Anyone who experiences constipation will know that it’s incredibly uncomfortable and can take a major toll on your quality of life. Fibre supplements are commonly used by individuals with constipation, but it can be confusing as to which one to trial. Read on to find out more about fibre supplements for chronic constipation, which may help assist with getting everything back to moving normally.
What is constipation?
Clinically speaking, constipation is a gastrointestinal symptom defined by infrequent, hard stools that are difficult to pass. It is very common, with around 1 in 4 adults suffering from chronic constipation. The treatment of constipation will vary between individuals, with many struggling to find a management strategy that works for them. Through the staggering number of people affected by constipation, the importance of finding an effective treatment is evident. Fibre supplementation may form part of your treatment plan, particularly if you struggle to include adequate amounts through food sources alone.
What is fibre?
Fibre is a type of carbohydrate that the body can’t directly digest or absorb. This means that it moves through the digestive tract mostly unchanged until it reaches the large intestine. It is then either fermented by gut bacteria or excreted as waste. Increasing fibre intake can be very effective in reducing constipation.
The 3 major types of fibre are:
1. Soluble fibre – This helps soften and bulk up stools by increasing water retention in the large intestine.
2. Insoluble fibre – This speeds up the transit of stool through the body.
3. Resistant starch – This type of fibre completely resists digestion and acts as a fuel source for your gut bacteria. As they feast on it, they produce short chain fatty acids, which have a beneficial anti-inflammatory effect in the body.
What fibre supplement should I take for constipation?
There are many different fibre sources out there, so it’s easy to get overwhelmed. Below is a summary of some common fibre supplements in Australia.
Based on multiple studies, psyllium (Metamucil) is one of the most successful fibre supplements to treat chronic constipation. Studies show it increased the number of weekly bowel movements to normal stool frequency at least as effectively as laxatives. Through its high water-holding capacity that is resistant to fermentation, psyllium softens stool consistency. Studies also found that longer durations of fibre supplementation correlate with a reduction in gut transit time by 18 hours. This improvement is likely due to a change in the composition of the gut microbiota. Overall, psyllium was superior and showed more comprehensive improvements compared to laxatives. After two weeks, psyllium reduced constipation in the participants more than the laxatives did, suggesting that psyllium may be more effective over a longer period of use.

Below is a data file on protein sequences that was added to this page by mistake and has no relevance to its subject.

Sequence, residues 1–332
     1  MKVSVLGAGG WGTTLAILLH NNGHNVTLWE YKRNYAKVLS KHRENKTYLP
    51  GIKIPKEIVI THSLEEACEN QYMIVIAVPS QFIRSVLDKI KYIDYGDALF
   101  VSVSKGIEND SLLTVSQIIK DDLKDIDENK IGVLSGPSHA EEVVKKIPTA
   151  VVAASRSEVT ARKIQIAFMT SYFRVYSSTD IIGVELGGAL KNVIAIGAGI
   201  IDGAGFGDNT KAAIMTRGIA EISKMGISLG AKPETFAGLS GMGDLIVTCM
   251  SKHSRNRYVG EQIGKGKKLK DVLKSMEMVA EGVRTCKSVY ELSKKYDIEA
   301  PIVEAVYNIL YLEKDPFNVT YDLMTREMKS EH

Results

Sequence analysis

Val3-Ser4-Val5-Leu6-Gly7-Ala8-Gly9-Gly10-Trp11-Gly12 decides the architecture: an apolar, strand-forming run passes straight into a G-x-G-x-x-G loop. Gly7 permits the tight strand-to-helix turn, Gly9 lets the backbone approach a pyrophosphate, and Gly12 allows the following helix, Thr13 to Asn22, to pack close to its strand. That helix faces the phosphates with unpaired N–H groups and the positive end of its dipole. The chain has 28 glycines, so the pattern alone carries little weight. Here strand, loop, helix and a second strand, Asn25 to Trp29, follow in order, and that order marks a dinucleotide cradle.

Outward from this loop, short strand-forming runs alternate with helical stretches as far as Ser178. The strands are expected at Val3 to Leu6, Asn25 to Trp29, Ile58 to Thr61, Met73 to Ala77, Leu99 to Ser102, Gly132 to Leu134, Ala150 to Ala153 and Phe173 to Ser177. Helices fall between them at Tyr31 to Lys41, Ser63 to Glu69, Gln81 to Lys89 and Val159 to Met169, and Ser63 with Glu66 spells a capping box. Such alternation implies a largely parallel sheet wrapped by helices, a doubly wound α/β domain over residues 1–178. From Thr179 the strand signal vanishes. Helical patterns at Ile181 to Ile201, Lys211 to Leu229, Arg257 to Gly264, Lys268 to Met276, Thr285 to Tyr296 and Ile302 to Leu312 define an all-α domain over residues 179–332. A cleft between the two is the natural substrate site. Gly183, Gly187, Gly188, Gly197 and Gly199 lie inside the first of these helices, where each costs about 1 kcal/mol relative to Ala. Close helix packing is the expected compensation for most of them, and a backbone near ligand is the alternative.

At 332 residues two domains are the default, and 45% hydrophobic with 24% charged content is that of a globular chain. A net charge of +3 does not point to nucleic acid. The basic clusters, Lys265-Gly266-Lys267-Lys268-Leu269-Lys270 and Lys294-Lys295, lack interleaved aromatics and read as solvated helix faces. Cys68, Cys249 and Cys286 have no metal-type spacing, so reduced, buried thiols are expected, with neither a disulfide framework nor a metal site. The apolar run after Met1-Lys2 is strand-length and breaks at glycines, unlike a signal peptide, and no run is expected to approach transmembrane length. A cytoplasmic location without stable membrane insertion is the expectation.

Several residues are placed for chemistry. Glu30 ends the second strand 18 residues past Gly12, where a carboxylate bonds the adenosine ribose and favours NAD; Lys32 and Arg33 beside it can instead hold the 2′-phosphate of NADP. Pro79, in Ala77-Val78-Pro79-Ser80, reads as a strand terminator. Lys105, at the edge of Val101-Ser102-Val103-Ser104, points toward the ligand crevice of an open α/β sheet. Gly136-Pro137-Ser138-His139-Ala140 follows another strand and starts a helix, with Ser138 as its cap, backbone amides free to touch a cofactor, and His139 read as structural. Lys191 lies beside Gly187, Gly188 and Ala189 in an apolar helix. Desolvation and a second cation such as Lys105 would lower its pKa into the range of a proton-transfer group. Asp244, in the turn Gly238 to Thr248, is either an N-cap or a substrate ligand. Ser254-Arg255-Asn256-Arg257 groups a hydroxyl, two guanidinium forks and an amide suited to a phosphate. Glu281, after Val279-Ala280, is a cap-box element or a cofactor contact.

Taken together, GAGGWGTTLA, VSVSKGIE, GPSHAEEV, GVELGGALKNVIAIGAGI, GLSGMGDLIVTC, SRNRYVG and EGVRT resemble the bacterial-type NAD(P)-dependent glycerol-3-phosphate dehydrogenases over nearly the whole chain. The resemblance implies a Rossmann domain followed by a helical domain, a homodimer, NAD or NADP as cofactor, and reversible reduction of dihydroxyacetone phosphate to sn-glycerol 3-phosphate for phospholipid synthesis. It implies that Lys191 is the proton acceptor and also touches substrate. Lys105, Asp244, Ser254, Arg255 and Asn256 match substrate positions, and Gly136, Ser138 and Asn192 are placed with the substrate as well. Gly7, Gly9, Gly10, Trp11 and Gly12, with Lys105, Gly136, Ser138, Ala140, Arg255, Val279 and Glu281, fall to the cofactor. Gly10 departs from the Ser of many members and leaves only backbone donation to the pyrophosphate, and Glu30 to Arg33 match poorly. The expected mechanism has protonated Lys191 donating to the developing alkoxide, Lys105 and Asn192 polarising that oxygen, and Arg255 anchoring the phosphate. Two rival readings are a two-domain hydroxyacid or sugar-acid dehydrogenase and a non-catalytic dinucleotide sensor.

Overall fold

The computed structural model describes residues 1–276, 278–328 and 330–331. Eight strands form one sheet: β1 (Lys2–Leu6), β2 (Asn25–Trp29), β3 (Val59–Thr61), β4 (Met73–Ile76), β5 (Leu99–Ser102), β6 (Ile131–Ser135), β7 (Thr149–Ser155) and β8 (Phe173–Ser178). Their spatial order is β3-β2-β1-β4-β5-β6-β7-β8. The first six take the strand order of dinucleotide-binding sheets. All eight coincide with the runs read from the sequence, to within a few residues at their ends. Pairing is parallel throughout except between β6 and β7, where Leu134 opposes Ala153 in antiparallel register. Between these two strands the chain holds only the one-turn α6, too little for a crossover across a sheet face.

Research suggests the effects of certain fruit laxatives were also promising due to their high content of both soluble and insoluble fibres. In a 3-week study, prunes showed similar, if not stronger, improvements in symptoms of constipation compared to psyllium. Mango was effective at improving stool evacuation and similarly beat psyllium in this category.
PARTIALLY-HYDROLYSED GUAR GUM
Partially-Hydrolysed Guar Gum, (PHGG) increases populations of beneficial gut bacteria and leads to the greatest improvements in constipation after taking it consistently for at least 2 weeks. PHGG is a soluble prebiotic fibre which is also showing promising results for its potential benefits to immune health.
Wheat dextrin (Benefiber) is a soluble fibre that acts as a bulking agent. Since it is fermentable, it can lead to a build-up of gas and contribute to abdominal pain. It has also been found to decrease stool water content, which has a constipating effect.
Inulin is a type of prebiotic soluble fibre which is often added to foods to increase their fibre content. There isn’t sufficient evidence for or against inulin in the literature, so further studies are required for its efficacy. Inulin is very high FODMAP, so many individuals do not tolerate it well.
Are fibre supplements fool-proof against constipation?
In short, no. Not everyone in the research studies used for this article responded to fibre supplementation and some experienced unwanted side effects from it. However, the most significant improvements were seen when at least 10 g of fibre per day was consumed for a duration of 4 weeks or longer.
This provided constipation relief by increasing stool frequency and by softening stools, thus reducing the severity of straining during defecation. Unfortunately, other symptoms like bloating or incomplete evacuation were not alleviated through fibre supplementation for some individuals. In some studies, increased fibre intake led to abdominal pain, especially when highly fermentable fibre was used (such as wheat bran that contains inulin-type fructans). To avoid this, it’s best to increase fibre intake gradually and drink plenty of water.
Evidently, there is a wide range of fibre supplements available. It’s important to assess which one is most appropriate for your personal needs (and taste buds!). But the good thing is that fibre supplementation can be an accessible, affordable and promising avenue for treating chronic constipation. Increasing fibre intake from food sources is always preferable, however, supplements certainly have their place. This highlights the importance of individualising your constipation management, which I recommend doing with an Accredited Practising Dietitian.